Uprooting Self-Sabotage so you can move forward

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 Sabotaging opportunities for ourselves is so common.
 
When you live with Neurodivergence (e.g. Autism, ADHD, Dyslexia), it’s practically a bodily function.
 
After all, the brain’s primary objective is to keep you alive. What you do with that life is another conversation.
 
Self-Sabotage is a way of protecting yourself from an imagined threat.
 
A threat can be the opportunity in question is unfamiliar. If you “hate” surprises, or don’t like unpredictability. WELL! You’ll do your best to prevent yourself from having that experience, right?
 
Something I want to make clear. Self-sabotage IS NOT a character deficit. Self-sabotage is something you DO, it’s not something you ARE.
 
Self-talk such as, “What’s wrong with me?” “Why am I like this?” Stem from the belief the problem is you, personal.
 
It’s like owning a top of the line, BMW, but you put a crappy coat of paint on it. The problem is the paint not the car. The sabotage is the paint that covers everything you have going for you, the value underneath.
 
The problem is actually, a pattern of thinking and behavior you use to protect yourself, from opportunities to step outside your comfort zone and grow.
 
In fact, depending on your life experience, you may be so used to chaos that feeling calm is highly uncomfortable. So you manufacture crisis to feel the stress chemicals in your mind/body again.
 
There’s one emotion that underpins all self-sabotage. Want to hazard a guess?
 
Fear! Which opens the door to questions rooted in the cause versus the behavior of self-sabotage (e.g. canceling a lot, avoiding, procrastination, lying and so on).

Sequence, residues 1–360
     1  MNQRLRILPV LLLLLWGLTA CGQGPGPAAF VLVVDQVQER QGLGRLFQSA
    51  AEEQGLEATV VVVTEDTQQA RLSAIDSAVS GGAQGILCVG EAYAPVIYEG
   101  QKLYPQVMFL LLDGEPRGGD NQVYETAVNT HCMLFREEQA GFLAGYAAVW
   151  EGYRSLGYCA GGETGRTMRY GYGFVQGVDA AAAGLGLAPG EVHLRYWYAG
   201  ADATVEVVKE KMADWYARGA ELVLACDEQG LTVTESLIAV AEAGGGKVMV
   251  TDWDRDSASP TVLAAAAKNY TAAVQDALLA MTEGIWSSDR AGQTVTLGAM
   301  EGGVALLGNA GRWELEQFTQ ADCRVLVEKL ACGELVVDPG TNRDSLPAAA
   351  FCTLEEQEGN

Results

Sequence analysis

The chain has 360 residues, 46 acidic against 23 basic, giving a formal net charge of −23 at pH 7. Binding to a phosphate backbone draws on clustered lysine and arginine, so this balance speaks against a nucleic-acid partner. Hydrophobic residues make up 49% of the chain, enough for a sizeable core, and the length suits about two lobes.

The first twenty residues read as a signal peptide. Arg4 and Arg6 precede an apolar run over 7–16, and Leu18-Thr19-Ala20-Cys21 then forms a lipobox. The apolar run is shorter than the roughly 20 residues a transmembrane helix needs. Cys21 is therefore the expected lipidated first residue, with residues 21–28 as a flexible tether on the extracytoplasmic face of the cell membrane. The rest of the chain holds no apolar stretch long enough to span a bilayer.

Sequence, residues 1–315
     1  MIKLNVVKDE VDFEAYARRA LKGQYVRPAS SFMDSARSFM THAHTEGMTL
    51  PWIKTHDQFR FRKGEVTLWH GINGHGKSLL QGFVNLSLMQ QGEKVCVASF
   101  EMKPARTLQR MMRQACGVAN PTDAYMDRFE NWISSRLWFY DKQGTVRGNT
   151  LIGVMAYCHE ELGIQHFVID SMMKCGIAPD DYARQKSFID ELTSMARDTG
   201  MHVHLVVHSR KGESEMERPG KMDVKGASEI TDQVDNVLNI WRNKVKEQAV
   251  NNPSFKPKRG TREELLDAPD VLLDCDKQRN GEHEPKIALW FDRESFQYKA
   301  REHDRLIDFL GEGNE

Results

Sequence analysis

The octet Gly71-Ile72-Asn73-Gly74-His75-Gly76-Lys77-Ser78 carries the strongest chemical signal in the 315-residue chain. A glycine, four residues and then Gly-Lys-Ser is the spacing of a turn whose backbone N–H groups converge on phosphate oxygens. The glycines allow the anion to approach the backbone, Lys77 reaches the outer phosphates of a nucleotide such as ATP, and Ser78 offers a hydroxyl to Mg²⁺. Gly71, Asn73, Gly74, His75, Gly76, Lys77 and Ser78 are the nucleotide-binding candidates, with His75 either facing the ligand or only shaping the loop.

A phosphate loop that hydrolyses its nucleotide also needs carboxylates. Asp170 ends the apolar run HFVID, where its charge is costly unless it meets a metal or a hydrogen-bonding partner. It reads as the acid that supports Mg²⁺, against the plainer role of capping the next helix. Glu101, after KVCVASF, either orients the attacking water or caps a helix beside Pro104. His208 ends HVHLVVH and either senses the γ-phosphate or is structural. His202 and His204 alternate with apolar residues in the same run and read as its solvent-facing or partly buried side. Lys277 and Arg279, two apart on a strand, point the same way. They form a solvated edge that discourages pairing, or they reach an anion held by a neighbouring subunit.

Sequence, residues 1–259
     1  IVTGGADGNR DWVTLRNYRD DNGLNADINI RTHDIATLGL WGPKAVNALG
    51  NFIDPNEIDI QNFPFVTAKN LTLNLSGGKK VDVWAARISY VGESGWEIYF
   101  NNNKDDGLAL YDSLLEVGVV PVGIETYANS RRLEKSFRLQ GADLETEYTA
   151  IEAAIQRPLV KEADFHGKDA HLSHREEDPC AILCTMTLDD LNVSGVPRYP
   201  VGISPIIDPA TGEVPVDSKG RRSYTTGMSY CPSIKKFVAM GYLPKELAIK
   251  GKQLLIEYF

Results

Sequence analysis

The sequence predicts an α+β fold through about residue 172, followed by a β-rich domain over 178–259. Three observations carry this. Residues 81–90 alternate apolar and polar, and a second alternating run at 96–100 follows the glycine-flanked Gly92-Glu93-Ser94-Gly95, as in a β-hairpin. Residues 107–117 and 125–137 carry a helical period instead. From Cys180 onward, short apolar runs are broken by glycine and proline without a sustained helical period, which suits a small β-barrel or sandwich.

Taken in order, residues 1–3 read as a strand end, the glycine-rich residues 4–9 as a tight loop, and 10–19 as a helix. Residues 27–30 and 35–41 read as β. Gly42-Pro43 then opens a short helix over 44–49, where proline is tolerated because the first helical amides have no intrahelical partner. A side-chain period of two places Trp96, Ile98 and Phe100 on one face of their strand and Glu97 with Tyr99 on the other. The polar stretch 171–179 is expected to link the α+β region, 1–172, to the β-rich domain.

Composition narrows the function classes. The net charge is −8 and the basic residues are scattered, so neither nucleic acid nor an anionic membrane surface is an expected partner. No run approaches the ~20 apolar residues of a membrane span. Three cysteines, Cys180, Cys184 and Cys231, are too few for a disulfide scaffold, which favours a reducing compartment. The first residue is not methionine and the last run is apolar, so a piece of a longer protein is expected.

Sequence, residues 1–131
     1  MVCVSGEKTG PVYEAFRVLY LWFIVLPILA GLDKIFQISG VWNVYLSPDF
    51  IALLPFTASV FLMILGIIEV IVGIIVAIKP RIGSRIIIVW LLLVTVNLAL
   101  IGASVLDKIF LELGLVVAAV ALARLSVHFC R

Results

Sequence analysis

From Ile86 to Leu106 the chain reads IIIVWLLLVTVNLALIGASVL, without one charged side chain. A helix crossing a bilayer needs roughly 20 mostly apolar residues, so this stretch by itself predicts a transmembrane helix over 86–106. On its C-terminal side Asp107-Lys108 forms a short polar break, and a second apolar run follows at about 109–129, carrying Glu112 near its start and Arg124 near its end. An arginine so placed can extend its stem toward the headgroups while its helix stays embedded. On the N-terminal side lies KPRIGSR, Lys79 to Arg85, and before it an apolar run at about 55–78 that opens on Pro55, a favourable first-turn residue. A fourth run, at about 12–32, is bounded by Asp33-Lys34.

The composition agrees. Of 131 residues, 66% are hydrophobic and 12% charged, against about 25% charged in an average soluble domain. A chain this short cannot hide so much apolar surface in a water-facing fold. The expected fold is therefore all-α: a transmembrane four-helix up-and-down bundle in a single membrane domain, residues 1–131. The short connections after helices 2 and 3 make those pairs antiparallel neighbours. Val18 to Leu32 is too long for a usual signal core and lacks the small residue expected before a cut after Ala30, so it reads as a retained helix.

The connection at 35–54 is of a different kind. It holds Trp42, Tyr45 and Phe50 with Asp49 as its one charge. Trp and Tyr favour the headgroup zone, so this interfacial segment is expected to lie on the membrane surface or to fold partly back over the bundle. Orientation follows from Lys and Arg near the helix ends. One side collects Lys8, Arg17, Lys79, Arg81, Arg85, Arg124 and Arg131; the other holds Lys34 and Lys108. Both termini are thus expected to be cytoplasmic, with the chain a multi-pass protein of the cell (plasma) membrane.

The questions shift from, “What’s wrong with me?” to “What threat do I perceive?”
 
“What pain do I imagine I’ll experience if I embrace this opportunity?”
 
The threat you imagine, and fear you won’t be okay as a result, is at the root of self-sabotage.
 
We’re taught to measure the value of an opportunity by weighing the pros and cons, the good versus the bad. As though they’re experienced side-by-side and not simultaneously.
 
For instance, “I want to do a good job in this new role. I’ve consistently done a good job, I plan to do my best. However, if I don’t, I’ll still be okay.”
 
When considering an opportunity it’s easy to imagine the best case scenario, and the worst case scenario. Neither is particularly useful.
 
But a doable scenario (like the one noted above) is balanced. It considers likely outcomes, based on evidence on hand, and reminds you you’ll be okay, and find your way, either way.
 
What I’ve written is a condensed version of what I shared with the members of my Women’s Neurodivergent Community. The entire exchange is even more powerful. As a member you’ll have full access to it and more.
 
Learn to take a chance on yourself versus taking a dive. Either way you’ll be okay, because you have me to show you the way
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